We never make just a cup of rice. If we are cooking brown rice, or quinoa, then we are making a ton of it! If we are making a chickpea curry, then we are making 20 servings! By batch cooking our meals, we always have plenty to freeze and use as a convenient on-the-go snack. While we are at it, we will always maximize nutrient content by mixing a ton of other plants in with it. If we are making brown rice, we usually make quinoa simultaneously, and add some mixed frozen vegetables. Then, we mix all of these ingredients together in a potpourri of plant-based goodness. We'll top it of with nuts, seeds, nutritional yeast or whatever herbs and spices we are in the mood for. This way, we have a meal that can sometimes contain over 10-15 different types of ingredients, all whole unprocessed foods! This boosts nutrition and ensures a wide variety of amino-acids, a good mix of different types of microbiome feeding fiber, a variety of healthy fats as well as a good mix of complex carbs with varying glycemic indices.
How do you explain nutrient diversity to a kid? With colors! Teach your kids the meaning of being healthy. Teach them that the vitamins are the colors of your food. Show them how to pick the brightest colors and the darkest greens. We have a simple rule that was implemented almost 10 years ago: aim for 4-5 different colors on your plate at every meal, and have a minimum of 3, and make sure to count them with your kids! My daughters now keep us accountable and point out the colors or lack thereof if needed. Now, when they prepare their own snacks, they instinctively share a bell pepper and a banana, or cucumbers and cantaloupe as a means to maximize the variety of nutrients in their snack. They fully understand how the colors on their plates or snacks are associated with health.
Keep It Convenient And Simple
For sustainability's sake, a new habit needs to cause as little friction with our lifestyle as possible. We keep tons of frozen veggies and fruits, and we make sure to always have long lasting fruits like apples available. We decided to use a multivitamin as an insurance policy to guarantee adequate nutrient intakes for our kids. Although we have calculated that they most likely are getting adequate omega fatty acids in their diet, we still supplement with an algae based direct source, as well as use B12 fortified foods, and calcium fortified orange juice on occasions. We use iodized salt in order to maximize iodine availability and sometimes sprinkle small quantities of kelp powder as well. In order to keep things as practical as possible, our kids are permitted to eat whatever they want when they're at a birthday party or at a friend's house. When they're back at home, they eat like us. At 7 and 9 years old during the writing of this article, they do realize that we eat differently than most people around us. In fact, not only do they understand and accept this, they're actually pretty darn proud of it.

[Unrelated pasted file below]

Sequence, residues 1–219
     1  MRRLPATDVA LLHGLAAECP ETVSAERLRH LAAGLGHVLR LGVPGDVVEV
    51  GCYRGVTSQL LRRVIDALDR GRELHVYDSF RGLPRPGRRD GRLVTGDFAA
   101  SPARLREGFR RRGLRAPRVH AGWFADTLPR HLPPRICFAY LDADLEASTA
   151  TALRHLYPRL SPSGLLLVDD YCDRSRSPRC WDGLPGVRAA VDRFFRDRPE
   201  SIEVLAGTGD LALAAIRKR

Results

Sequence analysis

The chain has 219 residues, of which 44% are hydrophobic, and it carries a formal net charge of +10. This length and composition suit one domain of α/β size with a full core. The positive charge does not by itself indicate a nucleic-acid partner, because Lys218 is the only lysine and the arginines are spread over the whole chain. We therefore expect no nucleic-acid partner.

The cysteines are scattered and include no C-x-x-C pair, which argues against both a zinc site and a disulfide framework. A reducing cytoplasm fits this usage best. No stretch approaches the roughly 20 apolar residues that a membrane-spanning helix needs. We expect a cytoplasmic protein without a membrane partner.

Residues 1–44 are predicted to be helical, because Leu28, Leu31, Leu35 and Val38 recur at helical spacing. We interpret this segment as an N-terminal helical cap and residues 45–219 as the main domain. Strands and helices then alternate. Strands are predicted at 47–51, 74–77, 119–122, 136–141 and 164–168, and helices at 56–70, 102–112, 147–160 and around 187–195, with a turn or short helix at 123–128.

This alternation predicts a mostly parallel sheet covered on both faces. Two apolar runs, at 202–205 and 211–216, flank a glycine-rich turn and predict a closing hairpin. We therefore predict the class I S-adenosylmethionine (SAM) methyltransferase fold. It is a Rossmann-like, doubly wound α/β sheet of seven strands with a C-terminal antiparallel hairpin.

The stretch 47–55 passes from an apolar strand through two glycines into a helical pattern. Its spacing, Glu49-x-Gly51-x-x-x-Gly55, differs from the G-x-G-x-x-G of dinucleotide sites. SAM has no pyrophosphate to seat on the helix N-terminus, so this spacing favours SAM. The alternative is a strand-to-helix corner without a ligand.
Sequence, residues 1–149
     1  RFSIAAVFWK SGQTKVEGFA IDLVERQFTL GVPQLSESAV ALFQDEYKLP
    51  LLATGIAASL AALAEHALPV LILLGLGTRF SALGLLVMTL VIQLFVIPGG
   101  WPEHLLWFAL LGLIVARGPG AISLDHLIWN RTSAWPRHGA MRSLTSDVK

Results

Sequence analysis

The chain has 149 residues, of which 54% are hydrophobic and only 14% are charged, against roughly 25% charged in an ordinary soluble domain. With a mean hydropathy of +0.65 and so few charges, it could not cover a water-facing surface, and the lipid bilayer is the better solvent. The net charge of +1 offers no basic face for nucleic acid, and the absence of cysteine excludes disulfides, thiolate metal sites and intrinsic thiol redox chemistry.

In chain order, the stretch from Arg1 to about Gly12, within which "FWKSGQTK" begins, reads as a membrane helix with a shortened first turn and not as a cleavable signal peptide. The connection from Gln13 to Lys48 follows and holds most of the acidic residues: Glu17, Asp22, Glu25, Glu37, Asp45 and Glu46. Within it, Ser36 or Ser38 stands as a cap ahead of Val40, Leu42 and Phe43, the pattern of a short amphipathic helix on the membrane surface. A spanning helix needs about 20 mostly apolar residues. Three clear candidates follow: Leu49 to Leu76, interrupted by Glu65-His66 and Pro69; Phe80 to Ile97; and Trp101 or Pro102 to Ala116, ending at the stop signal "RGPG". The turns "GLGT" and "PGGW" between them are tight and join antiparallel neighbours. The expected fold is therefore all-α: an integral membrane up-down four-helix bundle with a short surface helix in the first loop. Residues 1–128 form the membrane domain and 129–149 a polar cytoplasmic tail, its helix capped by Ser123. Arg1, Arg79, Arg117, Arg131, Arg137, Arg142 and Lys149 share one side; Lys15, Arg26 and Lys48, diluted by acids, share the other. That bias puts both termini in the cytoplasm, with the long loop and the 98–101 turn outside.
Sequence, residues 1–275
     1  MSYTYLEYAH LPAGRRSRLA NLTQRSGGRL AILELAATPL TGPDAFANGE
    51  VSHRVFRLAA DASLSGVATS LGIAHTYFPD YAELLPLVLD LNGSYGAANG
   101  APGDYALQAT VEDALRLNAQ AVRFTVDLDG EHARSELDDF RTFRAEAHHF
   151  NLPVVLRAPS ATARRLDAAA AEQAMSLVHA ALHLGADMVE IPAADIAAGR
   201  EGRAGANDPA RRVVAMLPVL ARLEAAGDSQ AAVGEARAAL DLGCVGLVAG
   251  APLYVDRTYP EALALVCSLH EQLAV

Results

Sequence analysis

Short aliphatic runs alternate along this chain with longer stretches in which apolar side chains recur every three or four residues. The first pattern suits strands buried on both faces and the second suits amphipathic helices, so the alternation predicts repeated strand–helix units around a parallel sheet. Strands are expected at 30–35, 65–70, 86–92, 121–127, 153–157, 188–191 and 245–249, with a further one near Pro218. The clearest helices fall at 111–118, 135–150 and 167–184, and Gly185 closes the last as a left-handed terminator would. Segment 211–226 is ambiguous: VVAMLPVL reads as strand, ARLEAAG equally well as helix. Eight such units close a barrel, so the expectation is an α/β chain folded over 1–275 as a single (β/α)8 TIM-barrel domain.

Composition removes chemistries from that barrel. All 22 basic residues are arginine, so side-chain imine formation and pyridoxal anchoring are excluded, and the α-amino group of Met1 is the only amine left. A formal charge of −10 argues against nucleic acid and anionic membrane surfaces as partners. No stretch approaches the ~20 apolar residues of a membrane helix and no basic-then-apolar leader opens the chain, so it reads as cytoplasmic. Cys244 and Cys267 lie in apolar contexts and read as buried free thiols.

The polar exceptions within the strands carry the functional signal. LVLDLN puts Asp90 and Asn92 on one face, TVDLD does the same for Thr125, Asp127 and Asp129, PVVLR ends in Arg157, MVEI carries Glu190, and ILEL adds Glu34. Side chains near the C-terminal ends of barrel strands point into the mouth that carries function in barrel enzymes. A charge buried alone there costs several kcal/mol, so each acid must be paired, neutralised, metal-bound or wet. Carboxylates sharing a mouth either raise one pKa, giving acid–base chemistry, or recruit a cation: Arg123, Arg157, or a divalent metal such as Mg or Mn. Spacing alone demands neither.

My Plant-Based Prescription
In order to maintain nutritional adequacy on a plant-based diet, one must invest some time and effort to do it correctly. I'm here to guide you through it so you don't have to worry. Learning new information by reading books and learning from the pros is as important as learning new cooking skills and techniques in the kitchen. Treat your kitchen like a science lab and experiment! Ask your kids to measure ingredients, to make a mess and to learn with you. Ask your spouse or loved ones to join in when batch cooking. Once a few of the basic principles of plant-based eating are learned, it becomes very easy to sustain and a lot more fun and tasty! Find your reason to transition, and whether it's for your health or the health of your kids, for the planet, or for the animals, all reasons are great and welcomed. Take your time and don't let perfect get in the way of being good or better.
Are there any challenges that you're anticipating during your transition? How do you think you'll manage to get through these obstacles? Do you have any tips or tricks that would help the rest of the plant-based community? Please let me know in the comments section, and thanks in advance for engaging with my content!
Check out my website plantbaseddrjules.com and look for the “How To” section in the menu. There, you’ll find tips and tricks that helped me on my journey towards a plant-predominant diet. Everything there is completely free, no catches!
Look for me on the socials, @plantbased_dr_jules on Instagram and go like my Facebook Page, Plant-based Dr. Jules. If you’re looking for some fitness motivation and are curious to see what a plant-based athlete can accomplish, follow me, @maritimeninja, on my fitness account on Instagram or check out my fitness group on Facebook, called Maritime Ninja Warrior.
Thanks so much for reading!
Plant-Based Dr. Jules 💚🌱